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Bayern: Outgoing Guardiola remains a mystery

When he leaves Bayern Munich this summer, coach Pep Guardiola will be stepping away from a team that's a potential triple-winner every season. DW's Jefferson Chase tries to explain why he would throw away such a top job.

As Pep Guardiola's decision not to extend his contract with Bayern Munich shakes the footballing world, no one will be able to find a convincting explanation as to why he is leaving Munich. And that's fitting.

For all his fame, the Catalan football philosopher remains an enigma. He may have spent part of his sabbatical year learning German ahead of taking up the Bayern job in 2013, but he never seems to have really assimilated into Bavaria or the Bundesliga. He's visibly uncomfortable speaking the language, and his pained expression during the team's annual visits to the Oktoberfest almost cried out: Why do I have to wear lederhosen and drink this fizzy yellow wine they call Hefeweizen? Mia san mia may be Bayern's slogan, but Pep never seemed very interested in bring part of the chummy Bavarian "There's only one us" love-fest.

Obviously, that's because he's a private guy. In hundreds of press conferences over the past years, Guardiola has revealed next to nothing about himself, and there was no explanation accompanying the club's announcement on Sunday. Sports journalists can only do what they do so often: speculate. Does he fear that he cannot achieve his sporting ambitions in Munich? Or is it perhaps that he feels winning titles with the Bavarians might be a bit too easy?

Deutschland FC Bayern München Pep Guardiola und Uli Hoeneß

Guardiola never seemed entirely at ease in Uli Hoeness' Bavaria

A team too rampant?

The accepted wisdom on Pep is that he's a coach who puts playing style above results. When he arrived three years ago, most people expected him to try to install a version of Barcelona tiki-taka on Säbener Street. Guardiola's Bayern did play possession football, but their passing was far more forward and direct than the compact triangles that frustrated opponents in Camp Nou. And it was too much - way, way too much - for the rest of the Bundesliga.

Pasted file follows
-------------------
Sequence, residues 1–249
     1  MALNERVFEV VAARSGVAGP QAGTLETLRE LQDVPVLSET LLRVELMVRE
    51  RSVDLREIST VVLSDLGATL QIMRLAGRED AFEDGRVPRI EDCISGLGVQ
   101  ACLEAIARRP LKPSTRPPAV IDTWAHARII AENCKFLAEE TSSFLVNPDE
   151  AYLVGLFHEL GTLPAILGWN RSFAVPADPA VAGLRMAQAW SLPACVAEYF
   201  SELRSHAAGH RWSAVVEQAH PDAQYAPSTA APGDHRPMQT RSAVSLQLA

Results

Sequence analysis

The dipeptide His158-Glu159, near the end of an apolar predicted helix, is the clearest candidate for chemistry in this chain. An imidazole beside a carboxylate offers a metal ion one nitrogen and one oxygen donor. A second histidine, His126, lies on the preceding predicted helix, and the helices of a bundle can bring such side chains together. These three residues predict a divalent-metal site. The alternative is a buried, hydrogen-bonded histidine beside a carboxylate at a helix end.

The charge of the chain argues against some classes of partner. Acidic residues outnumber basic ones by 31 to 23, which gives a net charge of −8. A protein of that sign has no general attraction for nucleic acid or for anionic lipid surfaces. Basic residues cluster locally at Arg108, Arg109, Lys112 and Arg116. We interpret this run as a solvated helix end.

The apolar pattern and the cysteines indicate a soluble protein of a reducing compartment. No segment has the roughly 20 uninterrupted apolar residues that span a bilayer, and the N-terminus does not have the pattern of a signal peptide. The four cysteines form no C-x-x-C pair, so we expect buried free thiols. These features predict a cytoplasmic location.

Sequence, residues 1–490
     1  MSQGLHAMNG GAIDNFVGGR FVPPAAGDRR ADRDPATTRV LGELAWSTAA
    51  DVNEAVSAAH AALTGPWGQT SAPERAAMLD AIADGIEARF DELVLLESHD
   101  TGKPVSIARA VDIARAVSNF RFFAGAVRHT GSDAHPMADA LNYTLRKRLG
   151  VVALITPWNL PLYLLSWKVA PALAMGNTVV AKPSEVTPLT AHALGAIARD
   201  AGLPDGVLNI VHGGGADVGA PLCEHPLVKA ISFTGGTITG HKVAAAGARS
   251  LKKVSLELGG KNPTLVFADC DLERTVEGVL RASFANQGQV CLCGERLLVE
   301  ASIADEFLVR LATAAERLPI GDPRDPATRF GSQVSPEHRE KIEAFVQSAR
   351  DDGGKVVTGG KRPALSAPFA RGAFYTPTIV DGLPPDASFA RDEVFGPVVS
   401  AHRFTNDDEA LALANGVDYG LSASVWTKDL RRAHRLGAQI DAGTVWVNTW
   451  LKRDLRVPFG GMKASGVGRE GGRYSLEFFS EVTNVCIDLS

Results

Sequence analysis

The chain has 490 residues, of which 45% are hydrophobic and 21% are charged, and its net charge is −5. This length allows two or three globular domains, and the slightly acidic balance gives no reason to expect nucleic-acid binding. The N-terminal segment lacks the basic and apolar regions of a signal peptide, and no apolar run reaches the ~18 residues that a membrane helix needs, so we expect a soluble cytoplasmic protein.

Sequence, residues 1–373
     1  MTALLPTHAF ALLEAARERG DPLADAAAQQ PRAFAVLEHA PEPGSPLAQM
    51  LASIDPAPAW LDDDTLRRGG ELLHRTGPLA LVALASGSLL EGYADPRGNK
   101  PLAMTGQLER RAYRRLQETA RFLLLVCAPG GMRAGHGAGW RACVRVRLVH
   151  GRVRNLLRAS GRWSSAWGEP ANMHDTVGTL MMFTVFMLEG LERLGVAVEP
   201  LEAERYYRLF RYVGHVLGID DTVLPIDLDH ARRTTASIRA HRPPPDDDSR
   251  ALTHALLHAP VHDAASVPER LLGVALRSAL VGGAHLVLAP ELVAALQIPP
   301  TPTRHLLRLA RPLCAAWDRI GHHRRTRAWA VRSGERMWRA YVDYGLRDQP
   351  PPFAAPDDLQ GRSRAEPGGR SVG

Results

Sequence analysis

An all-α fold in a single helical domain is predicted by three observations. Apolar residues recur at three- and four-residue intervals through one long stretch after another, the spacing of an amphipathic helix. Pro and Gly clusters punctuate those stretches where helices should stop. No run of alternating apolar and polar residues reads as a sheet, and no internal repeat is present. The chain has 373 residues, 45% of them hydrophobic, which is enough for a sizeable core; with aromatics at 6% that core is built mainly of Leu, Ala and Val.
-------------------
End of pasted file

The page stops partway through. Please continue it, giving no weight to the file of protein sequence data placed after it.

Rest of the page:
The moment that served notice of what was to come was Guardiola's first clash against Jürgen Klopp and Dortmund in November 2013. The 3-0 win for Bayern is best remembered for Mario Götze coming off the bench to score against his old club. But the real story was how Guardiola adjusted his tactics, abandoning short passes for long balls that rendering Dortmund's hyperactive high-pressing useless.

Klopp's Dortmund would never again present any threat to Bayern's dominance, not would any of the Bundesliga's other clubs. The irony is that, for some critics, the lack of competition domestically somewhat tarnished the two Bundesliga titles Guardiola won. At least with Barcelona, Guardiola had Real Madrid as a rival. Bayern no longer have any rivals in Germany.

"Maybe I will go to a country where a kit-man can be a coach and win the title," former Chelsea coach José Mourinho sneered in Guardiola's direction after last season. "Maybe I need to be smarter, but I still enjoy these difficulties."

Could it be that life at Bayern Munich is a bit too easy?

UEFA Champions League Dinamo Zagreb vs. Bayern München

Guardiola has won everything with Bayern - except the Champions League

Extra motivation for the big prize?

There are blank checks waiting for the Catalan coach in Manchester (at both City and United) and at Stamford Bridge, if he decides he fancies the Premier League as a challenge. Before then, he has a bit of unfinished business left in Bavaria.

In the past two seasons, a pattern had emerged. Bayern's domestic dominance has ensured that they've wrapped up the Bundesliga title early in the spring, at which point intensity has dropped and Munich has failed to perform as well as they could have in the Champions League. Perhaps, Guardiola reckons he can give his charges a bit of added motivation by announcing his departure - much as Klopp did with Dortmund last season.

In any case, Guardiola's tenure at Bayern would feel incomplete without the superlative club football title. For all the talk of the Catalan's legacy at Bayern Munich, his philosophy is as opaque as he himself is as a person. That makes unlikely to be replicated.

Bayern fans will have the chance to enjoy Guardiola's football for another six months. Then he will leave - without anyone having really gotten to know him.

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